Attestation \At`tes*ta"tion\, n. [L. attestatio: cf. F.
The act of attesting; testimony; witness; a solemn or official declaration, verbal or written, in support of a fact; evidence. The truth appears from the attestation of witnesses, or of the proper officer. The subscription of a name to a writing as a witness, is an attestation. [1913 Webster]
1: the action of bearing witness
2: the evidence by which something is attested
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ATTESTATION, contracts and evidence. The act of witnessing an instrument of
writing, at the request of the party making the same, and subscribing it as
a witness. 3 P. Wms. 254 2 Ves. 454 1 Ves. & B. 362; 3 Marsh. 146; 3 Bibb.
494; 17 Pick. 373.
1. how it is to be made 2. bow it is proved; 3. its effects upon the witness; 4. its effect upon the parties.
1. The attestation should be made in the case of wills, agreeably to the direction of the statute; Com. Dig. Estates, E 1 and in the case of deeds or other writings, at the request of the party executing the same. A person who sees an instrument executed, but is not desired by the parties to attest it, is not therefore an attesting witness, although he afterwards subscribes it as such. 3 Camp. 232. See, as to the form of attestation, 2 South. R. 449. 4.-2. The general rule is, that an attested instrument must be proved by the attesting witness. But to this rule there are various exceptions,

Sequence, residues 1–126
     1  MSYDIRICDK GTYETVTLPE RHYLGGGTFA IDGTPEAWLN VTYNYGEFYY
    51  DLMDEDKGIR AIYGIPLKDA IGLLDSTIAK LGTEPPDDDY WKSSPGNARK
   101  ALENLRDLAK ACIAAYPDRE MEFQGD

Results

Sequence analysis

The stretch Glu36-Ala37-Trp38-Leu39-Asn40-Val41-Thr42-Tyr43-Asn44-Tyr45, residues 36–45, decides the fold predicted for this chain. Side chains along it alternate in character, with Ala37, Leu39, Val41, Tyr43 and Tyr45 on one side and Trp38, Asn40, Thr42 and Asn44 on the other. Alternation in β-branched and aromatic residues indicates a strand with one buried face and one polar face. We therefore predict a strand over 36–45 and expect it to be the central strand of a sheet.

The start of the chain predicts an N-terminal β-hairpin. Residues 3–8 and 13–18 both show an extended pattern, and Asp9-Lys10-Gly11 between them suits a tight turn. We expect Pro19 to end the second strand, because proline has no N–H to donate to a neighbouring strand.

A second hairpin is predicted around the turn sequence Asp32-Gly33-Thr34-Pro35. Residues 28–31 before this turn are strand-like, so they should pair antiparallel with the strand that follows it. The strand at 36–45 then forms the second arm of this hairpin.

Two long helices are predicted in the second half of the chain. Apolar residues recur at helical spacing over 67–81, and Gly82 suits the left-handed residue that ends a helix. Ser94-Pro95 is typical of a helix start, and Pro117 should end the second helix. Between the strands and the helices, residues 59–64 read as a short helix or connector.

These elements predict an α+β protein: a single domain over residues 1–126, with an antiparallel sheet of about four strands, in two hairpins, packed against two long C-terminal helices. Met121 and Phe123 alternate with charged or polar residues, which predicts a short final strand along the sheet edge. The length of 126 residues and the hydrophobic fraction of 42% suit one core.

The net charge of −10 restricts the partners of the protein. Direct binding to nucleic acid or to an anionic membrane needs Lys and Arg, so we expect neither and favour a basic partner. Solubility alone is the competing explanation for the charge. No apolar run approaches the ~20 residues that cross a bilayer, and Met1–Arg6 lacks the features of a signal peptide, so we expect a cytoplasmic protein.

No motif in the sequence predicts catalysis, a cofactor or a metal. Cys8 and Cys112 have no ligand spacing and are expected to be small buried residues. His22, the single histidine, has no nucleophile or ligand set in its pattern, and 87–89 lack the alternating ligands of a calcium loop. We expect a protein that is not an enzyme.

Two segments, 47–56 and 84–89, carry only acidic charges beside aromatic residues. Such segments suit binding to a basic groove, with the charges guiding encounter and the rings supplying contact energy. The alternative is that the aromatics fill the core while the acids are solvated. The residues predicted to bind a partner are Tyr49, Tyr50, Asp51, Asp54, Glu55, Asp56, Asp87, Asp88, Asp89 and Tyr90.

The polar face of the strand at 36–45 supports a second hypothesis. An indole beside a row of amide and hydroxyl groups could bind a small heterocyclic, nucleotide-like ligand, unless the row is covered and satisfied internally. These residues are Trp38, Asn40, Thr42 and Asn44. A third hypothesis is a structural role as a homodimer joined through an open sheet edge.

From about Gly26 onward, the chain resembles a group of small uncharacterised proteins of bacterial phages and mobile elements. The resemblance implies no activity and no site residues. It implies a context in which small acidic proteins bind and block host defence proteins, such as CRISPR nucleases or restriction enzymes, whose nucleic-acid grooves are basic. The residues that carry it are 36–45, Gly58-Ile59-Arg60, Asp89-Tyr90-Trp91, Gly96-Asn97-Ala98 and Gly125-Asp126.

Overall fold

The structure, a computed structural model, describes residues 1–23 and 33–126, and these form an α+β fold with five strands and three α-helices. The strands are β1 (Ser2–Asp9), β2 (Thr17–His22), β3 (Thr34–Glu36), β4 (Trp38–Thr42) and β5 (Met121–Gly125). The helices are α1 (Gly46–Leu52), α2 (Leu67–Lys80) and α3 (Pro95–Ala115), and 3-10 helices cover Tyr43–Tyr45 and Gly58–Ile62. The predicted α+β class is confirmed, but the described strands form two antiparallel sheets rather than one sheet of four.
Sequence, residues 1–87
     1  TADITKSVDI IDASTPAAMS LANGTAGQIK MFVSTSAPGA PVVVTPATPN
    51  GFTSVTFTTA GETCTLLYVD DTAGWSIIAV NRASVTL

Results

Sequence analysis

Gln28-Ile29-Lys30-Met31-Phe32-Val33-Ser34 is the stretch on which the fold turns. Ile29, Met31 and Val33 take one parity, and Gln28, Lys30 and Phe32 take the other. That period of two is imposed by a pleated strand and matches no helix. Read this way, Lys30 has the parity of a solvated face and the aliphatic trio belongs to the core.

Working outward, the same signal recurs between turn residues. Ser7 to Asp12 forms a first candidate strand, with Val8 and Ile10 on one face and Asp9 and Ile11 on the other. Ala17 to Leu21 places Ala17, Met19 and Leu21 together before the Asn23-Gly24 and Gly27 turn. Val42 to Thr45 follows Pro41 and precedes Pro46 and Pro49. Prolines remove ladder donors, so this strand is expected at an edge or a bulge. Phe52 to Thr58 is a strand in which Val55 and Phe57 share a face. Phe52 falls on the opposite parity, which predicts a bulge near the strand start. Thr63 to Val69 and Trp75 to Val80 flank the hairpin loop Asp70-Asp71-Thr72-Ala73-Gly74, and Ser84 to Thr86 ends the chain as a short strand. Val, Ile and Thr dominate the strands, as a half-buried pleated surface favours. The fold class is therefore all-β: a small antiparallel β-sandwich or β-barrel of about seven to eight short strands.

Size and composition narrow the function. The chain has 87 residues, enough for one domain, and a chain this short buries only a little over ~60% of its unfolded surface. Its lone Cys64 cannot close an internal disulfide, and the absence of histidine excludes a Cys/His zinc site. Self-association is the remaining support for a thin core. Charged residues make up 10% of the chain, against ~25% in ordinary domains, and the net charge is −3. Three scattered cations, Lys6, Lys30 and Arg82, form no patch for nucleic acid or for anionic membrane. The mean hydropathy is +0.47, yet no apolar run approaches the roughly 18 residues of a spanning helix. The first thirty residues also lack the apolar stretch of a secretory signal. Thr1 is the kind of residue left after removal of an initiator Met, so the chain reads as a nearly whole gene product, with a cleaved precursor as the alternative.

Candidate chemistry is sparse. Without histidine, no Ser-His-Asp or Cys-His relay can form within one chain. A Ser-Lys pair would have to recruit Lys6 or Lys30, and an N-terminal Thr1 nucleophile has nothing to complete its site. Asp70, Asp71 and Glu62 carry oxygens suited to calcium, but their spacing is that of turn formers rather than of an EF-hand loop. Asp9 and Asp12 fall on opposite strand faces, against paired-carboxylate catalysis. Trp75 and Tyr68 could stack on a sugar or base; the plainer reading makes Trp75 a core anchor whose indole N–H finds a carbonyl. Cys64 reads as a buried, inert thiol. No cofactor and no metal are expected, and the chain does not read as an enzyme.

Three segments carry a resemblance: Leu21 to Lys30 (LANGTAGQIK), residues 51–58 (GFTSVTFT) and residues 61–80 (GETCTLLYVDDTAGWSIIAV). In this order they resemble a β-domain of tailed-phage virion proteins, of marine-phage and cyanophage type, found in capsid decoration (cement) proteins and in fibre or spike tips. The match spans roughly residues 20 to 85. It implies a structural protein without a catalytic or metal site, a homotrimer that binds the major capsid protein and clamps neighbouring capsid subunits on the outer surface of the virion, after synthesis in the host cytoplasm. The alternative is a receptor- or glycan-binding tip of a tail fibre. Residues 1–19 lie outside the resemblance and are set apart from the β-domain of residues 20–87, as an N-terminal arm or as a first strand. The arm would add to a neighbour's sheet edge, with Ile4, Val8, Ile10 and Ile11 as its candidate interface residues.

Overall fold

1. If he reside out of the jurisdiction of the court; 22 Pick. R. 85; 2. or is dead; 3. or becomes insane; 3 Camp. 283; 4. or has an interest; 5 T. R. 371; 5. or has married the party who offers the instrument; 2 Esp. C. 698 6. or refuses to testify 4 M. & S. 353; 7. or where the witness swears he did not see the writing executed; 8. or becomes infamous; Str. 833; 9. or blind; 1 Ld. Raym. 734. From these numerous cases, and those to be found in the books, it would seem that, whenever from any cause the attesting witness cannot be had secondary evidence may be given. But the inability to procure the witness must be absolute, and, therefore, when be is unable to attend from sickness only, his evidence cannot be dispensed with. 4 Taunt. 46. See 4 Halst. R. 322; Andr. 236 2 Str. 1096; 10 Ves. 174; 4 M. & S. 353 7 Taunt. 251; 6 Serg. & Rawle, 310; 1 Rep. Const.; Co. So. Ca. 310; 5 Cranch, 13; Com. Dig. tit. Testmoigne, Evidence, Addenda; 5 Com. Dig. 441; 4 Yeates, 79. 5.-3. When the witness attests an instrument which conveys away, or disposes of his property or rights, he is estopped from denying the effects of such instrument; but in such case he must have been aware of its contents, and this must be proved. 1 Esp. C. 58. 6.-4. Proof of the attestation is evidence of the sealing and delivery. 6 Serg. & Rawle, 311; 2 East, R. 250; 1 Bos. & Pull. 360; 7 T. R. 266. See, in general, Starkie's Ev. part 2, 332; 1 Phil. Ev. 419 to 421; 12 Wheat. 91; 2 Dall. 96; 3 Rawle's Rep. 312 1 Ves. Jr. 12; 2 Eccl. Rep. 60, 214, 289, 367 1 Bro. Civ, Law, 279, 286; Gresl. Eq. Ev. 119 Bouv. Inst. n. 3126.
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